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    • ryry91
    • By ryry91 11th Feb 18, 9:16 PM
    • 18Posts
    • 32Thanks
    ryry91
    I need a bit of advice please
    • #1
    • 11th Feb 18, 9:16 PM
    I need a bit of advice please 11th Feb 18 at 9:16 PM
    Hi guys,
    Both myself and my partner are first time buyers and in all honesty have very little knowledge of buying property. I have been talking about it a lot recently as our joint savings are stacking up quite nicely in help to buy ISAs (at 4% interest) and I am managing to pay off a lot of my debts so we are estimating that we will be able to start the process of buying in the next 18-24 months.

    So I can better understand the process of buying a house, I have been talking to a lot of my friends some of whom are a lot older than me and have had property for a long time. One of them told us to bin off the help to buy ISA and instead invest our money in a buy to let property whilst we finish university degrees etc. But I am totally new to this situation, so I thought the best people to ask would be on here as you guys all seem very clued up.

    So my main question is I suppose, are help to buy ISAs worth it or is there a better way to be using/storing our savings?
    Survey Savings for Xmas 2018: £5.08 / £150
    Debt Free Wannabe 2018
    Jan '18 Debt: £8068.15
Page 1
    • HampshireH
    • By HampshireH 11th Feb 18, 9:22 PM
    • 428 Posts
    • 451 Thanks
    HampshireH
    • #2
    • 11th Feb 18, 9:22 PM
    • #2
    • 11th Feb 18, 9:22 PM
    Your better spreading your savings. If you use the savings board you will find some really helpful advice.

    You can only put a small amount in H2B isa. A maximum of £200 a month.
    • Mutton Geoff
    • By Mutton Geoff 11th Feb 18, 10:00 PM
    • 1,106 Posts
    • 1,178 Thanks
    Mutton Geoff
    • #3
    • 11th Feb 18, 10:00 PM
    • #3
    • 11th Feb 18, 10:00 PM
    One of them told us to bin off the help to buy ISA and instead invest our money in a buy to let property whilst we finish university degrees etc
    Originally posted by ryry91

    Probably the worst advice you will have ever received. Best ignored.
    Compensations/Refunds from Banks & Institutions - £4,165 | Stooz Profits - £7,636 | Quidco - £4,014

    All with a big thank you to Martin and MSE.com from Mutton Geoff!
    • ryry91
    • By ryry91 11th Feb 18, 10:18 PM
    • 18 Posts
    • 32 Thanks
    ryry91
    • #4
    • 11th Feb 18, 10:18 PM
    • #4
    • 11th Feb 18, 10:18 PM
    I will be honest, as much as I do not know a lot about these things, I did think it wasn't for me but it is always best to get these things verified
    Survey Savings for Xmas 2018: £5.08 / £150
    Debt Free Wannabe 2018
    Jan '18 Debt: £8068.15
    • KiKi
    • By KiKi 11th Feb 18, 10:57 PM
    • 4,936 Posts
    • 8,015 Thanks
    KiKi
    • #5
    • 11th Feb 18, 10:57 PM
    • #5
    • 11th Feb 18, 10:57 PM
    Think about it logically: you're not in a position to buy your own house, yet, but someone is suggesting that you buy a house anyway. That, in itself, is madness if you can't afford a property in the first place!

    Secondly, buy to let interest rates are typically higher, and typically require a far higher deposit. So if you can't afford your own house, you can't start a business buying houses.

    Thirdly, letting a house out to someone is running a business. You become a landlord, with all its legal responsibilities, and will have to manage your accounts to pay tax on that business. What happens when a tenant doesn't pay you rent, and you can't get them out of the house for 6 months? How will you pay the mortgage if they're not paying you rent? What happens if they trash the place?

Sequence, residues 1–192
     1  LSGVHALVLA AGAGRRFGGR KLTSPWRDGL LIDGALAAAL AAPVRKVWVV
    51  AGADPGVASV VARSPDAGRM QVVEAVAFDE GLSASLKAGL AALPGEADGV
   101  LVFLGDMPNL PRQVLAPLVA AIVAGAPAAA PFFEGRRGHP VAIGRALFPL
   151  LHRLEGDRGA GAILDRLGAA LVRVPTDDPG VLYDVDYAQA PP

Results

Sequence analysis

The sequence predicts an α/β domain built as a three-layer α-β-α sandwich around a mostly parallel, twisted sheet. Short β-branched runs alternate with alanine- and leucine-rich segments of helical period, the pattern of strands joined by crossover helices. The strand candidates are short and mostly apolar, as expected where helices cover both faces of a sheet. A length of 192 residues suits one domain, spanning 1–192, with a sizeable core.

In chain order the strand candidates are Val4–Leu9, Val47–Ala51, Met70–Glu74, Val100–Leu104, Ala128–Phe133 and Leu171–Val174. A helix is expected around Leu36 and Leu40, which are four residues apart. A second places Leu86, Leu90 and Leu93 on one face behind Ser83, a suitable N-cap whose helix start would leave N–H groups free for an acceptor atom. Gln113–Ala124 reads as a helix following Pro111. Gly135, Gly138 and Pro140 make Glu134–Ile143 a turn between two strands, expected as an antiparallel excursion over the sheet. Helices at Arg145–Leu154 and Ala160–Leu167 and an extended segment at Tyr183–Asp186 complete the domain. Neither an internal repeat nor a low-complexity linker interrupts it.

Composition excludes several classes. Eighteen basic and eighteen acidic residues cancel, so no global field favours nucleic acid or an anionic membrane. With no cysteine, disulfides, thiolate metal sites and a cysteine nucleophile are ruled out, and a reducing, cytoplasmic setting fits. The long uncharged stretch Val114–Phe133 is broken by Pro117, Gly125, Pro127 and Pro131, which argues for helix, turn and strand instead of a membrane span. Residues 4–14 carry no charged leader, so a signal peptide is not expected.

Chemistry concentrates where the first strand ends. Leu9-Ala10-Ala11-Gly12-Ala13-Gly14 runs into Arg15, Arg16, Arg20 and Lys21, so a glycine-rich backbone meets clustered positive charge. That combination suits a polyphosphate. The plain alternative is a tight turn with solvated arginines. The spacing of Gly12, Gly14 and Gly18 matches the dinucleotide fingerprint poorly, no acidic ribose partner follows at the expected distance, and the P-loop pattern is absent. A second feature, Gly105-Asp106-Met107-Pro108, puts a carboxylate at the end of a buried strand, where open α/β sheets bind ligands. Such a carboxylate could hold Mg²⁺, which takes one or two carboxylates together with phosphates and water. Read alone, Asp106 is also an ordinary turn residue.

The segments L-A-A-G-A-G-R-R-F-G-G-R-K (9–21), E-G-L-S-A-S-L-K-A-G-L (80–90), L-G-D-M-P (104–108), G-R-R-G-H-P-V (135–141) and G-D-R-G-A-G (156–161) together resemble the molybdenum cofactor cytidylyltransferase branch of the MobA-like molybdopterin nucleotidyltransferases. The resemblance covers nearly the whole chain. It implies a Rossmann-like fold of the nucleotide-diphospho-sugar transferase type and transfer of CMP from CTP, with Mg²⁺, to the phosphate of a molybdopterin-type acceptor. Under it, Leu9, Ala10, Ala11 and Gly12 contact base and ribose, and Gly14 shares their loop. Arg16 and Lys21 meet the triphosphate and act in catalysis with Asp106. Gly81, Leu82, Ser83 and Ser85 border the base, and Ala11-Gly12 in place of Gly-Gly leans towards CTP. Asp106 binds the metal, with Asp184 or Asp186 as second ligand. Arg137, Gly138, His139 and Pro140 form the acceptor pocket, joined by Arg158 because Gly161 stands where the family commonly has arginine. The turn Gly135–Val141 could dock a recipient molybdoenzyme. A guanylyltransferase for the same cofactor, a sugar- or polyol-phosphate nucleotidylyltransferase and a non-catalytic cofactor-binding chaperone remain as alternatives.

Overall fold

Finally, investments are (typically) long term - certainly when buying houses. You are talking about purchasing your own place in two years - that's not long enough to invest in anything sensible and make an great return on it unless you're prepared to take some significant risks. Given that you, in your own words, know very little about this stuff, it would be madness to even consider this. Keep away from investments unless you really know what you're doing. Stick to savings for the timescales you're talking about.

    Look up the bank accounts and savings accounts that are the highest paying (including regular savers) and split your money there for now.
    Last edited by KiKi; 11-02-2018 at 11:00 PM.
    ' <-- See that? It's called an apostrophe. It does not mean "hey, look out, here comes an S".
    • deannatrois
    • By deannatrois 11th Feb 18, 11:31 PM
    • 5,127 Posts
    • 7,194 Thanks
    deannatrois
    • #6
    • 11th Feb 18, 11:31 PM
    • #6
    • 11th Feb 18, 11:31 PM
    Your friends advice is not good. You can't usually get a buy to let mortgage unless you have an initial property you live in. These mortgages require a higher deposit level.

    And to be honest, it doesn't really sound like your property knowledge level would be up to being a LL at the moment.

    Would be better to follow advice in previous reply. I'm not sure BTL's are as good an investment as they were anyway.
    • juniordoc
    • By juniordoc 12th Feb 18, 3:20 AM
    • 319 Posts
    • 263 Thanks
    juniordoc
    • #7
    • 12th Feb 18, 3:20 AM
    • #7
    • 12th Feb 18, 3:20 AM
    A help to buy ISA is a really good place to put your savings as you'll get the bonus too meaning it's difficult for any other investment to beat.
    As others have said the downside is you can only put in 200 a month meaning you need to find other places to save your money too to get any meaningful deposit.
    High interest current accounts earning 3-5% interest would be a good place to start.
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